ReServe Explores Sharing its Model with Other Nonprofits
Resource type: News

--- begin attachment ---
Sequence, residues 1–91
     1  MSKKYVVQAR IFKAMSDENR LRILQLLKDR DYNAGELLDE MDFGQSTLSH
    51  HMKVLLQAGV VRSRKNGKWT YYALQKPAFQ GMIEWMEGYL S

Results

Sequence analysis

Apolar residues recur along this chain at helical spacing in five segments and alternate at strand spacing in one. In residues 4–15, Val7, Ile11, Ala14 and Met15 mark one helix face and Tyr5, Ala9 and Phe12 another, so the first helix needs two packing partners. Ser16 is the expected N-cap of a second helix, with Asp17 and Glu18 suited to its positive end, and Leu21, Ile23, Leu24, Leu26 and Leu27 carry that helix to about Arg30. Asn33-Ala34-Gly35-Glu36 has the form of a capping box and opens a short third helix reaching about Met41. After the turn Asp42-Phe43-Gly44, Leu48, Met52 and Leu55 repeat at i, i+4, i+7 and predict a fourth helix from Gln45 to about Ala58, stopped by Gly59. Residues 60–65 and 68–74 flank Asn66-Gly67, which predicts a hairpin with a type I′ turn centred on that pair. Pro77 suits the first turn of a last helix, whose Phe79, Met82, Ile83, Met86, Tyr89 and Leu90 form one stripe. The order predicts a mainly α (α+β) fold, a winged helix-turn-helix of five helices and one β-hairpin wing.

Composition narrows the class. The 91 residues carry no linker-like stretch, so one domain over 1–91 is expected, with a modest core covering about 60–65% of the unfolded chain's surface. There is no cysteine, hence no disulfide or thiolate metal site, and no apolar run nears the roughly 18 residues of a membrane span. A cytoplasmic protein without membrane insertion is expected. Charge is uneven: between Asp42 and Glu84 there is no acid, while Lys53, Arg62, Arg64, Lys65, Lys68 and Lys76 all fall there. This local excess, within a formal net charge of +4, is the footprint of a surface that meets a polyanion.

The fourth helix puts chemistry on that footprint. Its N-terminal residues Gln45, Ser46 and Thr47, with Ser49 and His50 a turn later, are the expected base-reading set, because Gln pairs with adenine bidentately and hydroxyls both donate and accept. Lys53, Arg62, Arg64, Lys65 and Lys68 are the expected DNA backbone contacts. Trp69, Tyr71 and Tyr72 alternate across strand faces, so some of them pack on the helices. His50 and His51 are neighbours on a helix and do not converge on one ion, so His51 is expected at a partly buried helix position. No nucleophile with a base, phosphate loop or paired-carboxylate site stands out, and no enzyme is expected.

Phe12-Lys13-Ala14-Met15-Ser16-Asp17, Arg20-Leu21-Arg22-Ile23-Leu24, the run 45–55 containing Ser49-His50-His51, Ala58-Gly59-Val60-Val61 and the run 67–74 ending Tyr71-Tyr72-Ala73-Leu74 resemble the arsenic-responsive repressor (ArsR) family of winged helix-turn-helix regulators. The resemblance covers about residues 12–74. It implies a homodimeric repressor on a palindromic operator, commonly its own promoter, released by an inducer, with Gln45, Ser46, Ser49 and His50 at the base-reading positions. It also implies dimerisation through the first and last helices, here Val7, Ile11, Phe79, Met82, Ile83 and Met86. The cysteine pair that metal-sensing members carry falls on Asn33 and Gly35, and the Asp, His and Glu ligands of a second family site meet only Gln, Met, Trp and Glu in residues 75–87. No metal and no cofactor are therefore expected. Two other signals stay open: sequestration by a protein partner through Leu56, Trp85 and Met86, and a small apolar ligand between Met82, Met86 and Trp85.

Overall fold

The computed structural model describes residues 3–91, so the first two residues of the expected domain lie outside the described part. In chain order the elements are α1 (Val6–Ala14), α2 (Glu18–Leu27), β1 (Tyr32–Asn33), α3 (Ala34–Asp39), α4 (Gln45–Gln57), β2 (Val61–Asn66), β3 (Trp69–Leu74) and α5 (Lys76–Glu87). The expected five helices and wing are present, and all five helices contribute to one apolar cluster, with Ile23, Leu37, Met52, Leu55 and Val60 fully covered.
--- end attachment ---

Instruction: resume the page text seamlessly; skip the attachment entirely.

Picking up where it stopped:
Original Source Retirees looking for meaning and ways to use their skills and experience and nonprofits looking for seasoned talent have been slow to connect. But their parallel paths are now bending into arcs that create can-do circles, and ReServe, with a grant from the Retirement Research Foundation, provided a forum to offer support and share ideas. ReServe Chairman Jack Rosenthal and Executive Director Claire H. Altman welcomed some 20 executives and staff from government agencies and non profits nine cities to this mid-May conference in New York City. Harnessing the unused talent of those who’ve retired from the private and public sectors with the needs of public programs is a concept whose time has come. It has everything to do with helping but little to do with volunteering because these people are paid. While pondering how to describe this new workforce what to label them and how to define the workplace, ReServe and other organizations have been developing ways to do this with solid results and have earned a vote of confidence from the Atlantic Philanthropies, funder of several programs represented. We know that older adults can contribute and do better things for our society, Stacey Easterling, Atlantic program executive, said. She added that her organization was excited about what is being done at ReServe. We view this as an intriguing experiment. New York City signed on to the ReServe experiment just a year ago. Commissioner Edwin Mendez-Santiago of the Department for the Aging (DFTA) and a keynote speaker, recounted how DFTA entered into what he called a win-win contract with ReServe just a year ago. The idea, he said, was that City agencies with unmet needs for professional expertise would be able to draw on the skills and experience of retirees recruited and screened by ReServe. ReServe is a perfect vehicle to offer to City agencies that are committed to increasing age diversity. DFTA is the lead agency for ReServe, coordinating and facilitating relationships among city agencies that signed on to the initiative. Today, nearly 65 ReServists are serving 15 city agencies and five other city agencies are in negotiations. Some 60 percent of the ReServists working for the city come from the private sector. Phyllis Segal, another guest speaker, is vice president of Civic Ventures in Boston that promotes the value of experience in solving serious social problems. Segal said Civic Ventures may have hit upon a name for the movement of retirees from the private sector to the nonprofit sector: Encore Career, which she said, has the seriousness and level of commitment of work but has the spirit of service. We are a culture, especially the Baby Boom generation, that defines ourselves by our work-and most people need to work. So we’re seeing a revolution in volunteerism, in unpaid work. And salary compensation, some type of tangible recognition, is a proxy for significance, a sign that you value yourself and that the organization that you work for values you. Oxymorons such as retirement jobs and stipended volunteerism require explanation, she said, but, everyone seems to know what an Encore Career is. It’s after your mid-life work, it’s a new stage of work, and it’s different from what you did before. Also, she said, it’s about giving back, working for the public good. Claire Altman, executive director, outlined the ReServe model and turned to whether and how nonprofits across the nation might benefit from ReServe’s experiences in the three years since it was founded. Recruiting able workers in the 50-plus population for pre-school, after-school and innovative classroom projects is one area in need of help. Just as critical is the need to develop the mechanics to provide at-home services for seniors that the government does not provide. Segal broached another area where ReServe might be invaluable to all nonprofits: Where will the next crop of leaders come from? Suzanne Hines, consulting manager at United Way in Houston, said this issue is the largest they face. We have so many people aging out. We recently got a grant from Shell for a leadership development program where we’re trying to focus on the next generation and succession planning. Altman said United Way did a study of nonprofits in New York City four years ago and found that half of today’s leaders will retire in the next five years. Nonprofit leadership at the very top level is a big issue, she said. The people they will be hiring will be in their Forties and probably with MBAs, so they will need mentoring. Segal said the job of executive director needs to be reshaped. You’re looking at a generation that is not workaholic like the Boomers, she said. The Annie E. Casey Foundation has been looking into the problem, and according to one study the prognosis so far isn’t good. Neal Naigus, assistant to the president at Portland (OR) Community College, said the experience is similar in seating new board members. One solution, he said, may be to invite executive directors retired from nonprofits to give young people the kind of leadership training they need to become effective board members. Carol Greenfield of Boston is founder of Discovering What’s Next: Revitalizing Retirement. The all-volunteer organization is in search of an executive director. I wish we could have hired a ReServist, she said, tongue in cheek. It would have saved us a lot of money. Speaking of money, a general conundrum was acknowledged of how and how much to pay the non-staff community. ReServists receive $10 an hour for about 15 hours a week, no matter how much they had commanded in the private sector. Altman said ReServe has looked at several levels. There may be another, higher level of stipend for targeted consulting work, she said, but at the moment the fixed rate seems to work. David Krutchik, who had a career in marketing, spoke as a guest ReServist at the conference. He said he did not believe in the pay-for-performance model of the for-profit sector. Getting paid $10 an hour is part of the contribution I’m making to the job, to ReServe and to continuing to be engaged in the world, he said. The minute compensation becomes a ladder, he added, it could open a huge can of worms. Ideas were many for recruiting paid volunteers in the over-50 age bracket, but those with goals of sustainability had added value. Civic Ventures, for example, has a pilot project in Silicon Valley in which corporations help move their soon-to-retire or recently retired employees into the social sector. Phyllis Segal stressed the need to develop a transition plan into Encore Career as early as age 45, so that it is as natural to this generation as the idea of ‘Someday we’ll play golf’ was to our parents’ generation. As a society, we invent a new stage of life every century, she said. This is our turn to create a new stage of life. Dick Goldberg, director of Coming of Age in Philadelphia, is among many who believe in working with partners. He has teamed up with Temple University and the PBS station to help promote civic engagement for the 50-plus crowd. Replication is all about building partnerships and getting everyone in the community to make a commitment, he said. One weakness in the movement is an inability to sell nonprofits on bargain-priced talent. This sounds like marketing and communications to me, Coming of Age’s Goldberg said. How do you communicate customer benefit at a cheaper price? Just by saying what you used to do and it will be easy. Altman found it an interesting way to talk about ReServe. Judy Norton from ReServe, agreed. She said when promoting ReServe to organizations, she tells them: I was a senior vice-president at JP Morgan Chase for over 31 years, and I’m a ReServist. Then all of a sudden it clicks. Segal’s advice is to stress that organizations hiring ReServists are receiving a grant or pro bono service that has a value way beyond that. As a nonprofit executive, I like to put this pro-bono, in-kind contribution on my financial statement. What you’re presenting is a grant of X dollars in order to get that of $10,000, which is the annual cost of engaging a ReServist who works 15 hours per week. Back to replication issues, Altman said ReServe has looked at a social franchise model of signing an organization onto quality elements of ReServe. In return, for an annual fee, the organization could tap into ReServe’s resources. Michael Funk, director of Experience Corps in San Francisco, noted that people involved with Experience Corps feel part of a movement because it has a national presence with 20 sites. He thought the same could happen for ReServe. Diane Redd, organizational consultant for the Organ Community Organization in Portland, said she believed nonprofits would embrace funding a replication model that’s branded and fee-based. Commissioner Joyce Gallagher of the Department for the Aging in Chicago, said, We’ve been thinking about this hierarchy of needs and giving back. But I think there’s a need to build a spirit as well as mind and body. I think ReServe is a very spiritual program, and I’d like to bring it to Chicago.